Not sure what I’ll do with all this data. But I have it, and look at it on occasion :p

2022-07-05 - update and drive to Bad Aibling

Status update!

Fun is still very much being had :) This car doesn’t get boring. I’m comfortable enough with it by now to let others drive every once in a while, and reactions of people who floor it for the first time are amazing. Even from the ones who already experienced it as a passenger, noone expects the zero pedal reaction time and instant tons and tons of torque.

Autopilot and especially the “Navigate on Autopilot” gimmick are definitely improving with software updates. Last I tested it, NoA cancelled half its planned lane changes for no reason and was scared of anything moving in rear view mirrors for like a kilometer behind. Today on my commute, it worked as intended for the first time: engaged on the road leading up to Autobahn entrance, and disengaged half an hour later when entering Frankfurt, having navigated a semi-complex interchange, multiple lane changes and finally the Autobahn exit, with no interventions from me, except for adjusting the desired speed. Really looking forward to it eventually doing lane changes without my confirmation, I feel it’s actually at a point where it will be sane and safe (enough, esp. since one can still cancel them before the maneuver begins) - but I guess the European regulators need more convincing.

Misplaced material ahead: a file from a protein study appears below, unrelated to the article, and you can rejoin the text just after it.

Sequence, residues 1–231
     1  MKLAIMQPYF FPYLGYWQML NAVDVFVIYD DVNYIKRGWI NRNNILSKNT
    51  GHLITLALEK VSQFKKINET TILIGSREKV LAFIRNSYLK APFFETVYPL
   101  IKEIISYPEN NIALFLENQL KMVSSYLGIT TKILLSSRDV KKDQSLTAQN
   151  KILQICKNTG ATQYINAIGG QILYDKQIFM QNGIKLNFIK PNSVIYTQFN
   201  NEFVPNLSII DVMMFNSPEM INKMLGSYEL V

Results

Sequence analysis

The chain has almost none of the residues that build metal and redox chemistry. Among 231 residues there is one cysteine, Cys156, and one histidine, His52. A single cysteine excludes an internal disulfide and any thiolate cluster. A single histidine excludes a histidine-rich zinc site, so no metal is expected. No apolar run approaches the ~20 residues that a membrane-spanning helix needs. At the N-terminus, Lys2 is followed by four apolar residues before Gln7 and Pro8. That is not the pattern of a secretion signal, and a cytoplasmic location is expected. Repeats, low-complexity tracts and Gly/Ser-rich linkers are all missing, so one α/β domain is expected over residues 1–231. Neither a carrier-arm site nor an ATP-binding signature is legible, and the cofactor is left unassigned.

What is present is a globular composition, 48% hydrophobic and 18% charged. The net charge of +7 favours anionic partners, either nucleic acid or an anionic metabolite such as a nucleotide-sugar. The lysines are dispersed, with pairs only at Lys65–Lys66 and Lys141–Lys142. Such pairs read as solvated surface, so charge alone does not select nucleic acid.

Spoiler: still missing. Supposedly new ones will be available in August… annoying, especially since I’ll have to go on the Roadtrip and to Ringmeet (possibly including a ‘Ring lap…) without it. On the plus side, it’ll apparently be the new improved version.

Also did another “long range” drive down to a company event in Bad Aibling, hauling band equipment in a pair with my boss’ LR 3:

One Supercharger stop each way and a destination charger at the hotel, stress level: zero. Finally got all three company Model 3s in one picture, plus a few more EVs (we have a Kona Electric, two e-Smarts, one converted VW T5 with salvaged Tesla batteries, one Fiat 500e imported from California, and there was a hotel-owned i3 there as well…):

Debated stopping at an Ionity location instead of a Supercharger to try the newly acquired 200 kW charging capability, but it made little sense route-planning-wise. Will definitely try on the roadtrip.

2022-07-24 - pre-Roadtrip update

Checked out a HPC at Frankfurt Airport (“Gateway Gardens” charging station), and was glad to discover it outperforms Tesla’s own Superchargers - those cap at 120 kW in Europe. Awesome! Especially since they are apparently installing similar units at a newly built petrol station 5 minutes from where I live.

Further research shows these chargers are capped at 400 amps, which results in ~140 kW top charging rate with the Model 3 battery pack voltage. The ones used by Ionity and Allego at some locations are apparently capable of over 500 amps, giving almost 200 kW total charging power, which is wicked fast - almost as good as V3 Superchargers over in the States, but much more widely available.

This is all very nice in regards to the upcoming roadtrip. CCS chargers are in decent supply in the Alps, having this fast charging capability (and having it tested and proven working) will make the trip this much more relaxed.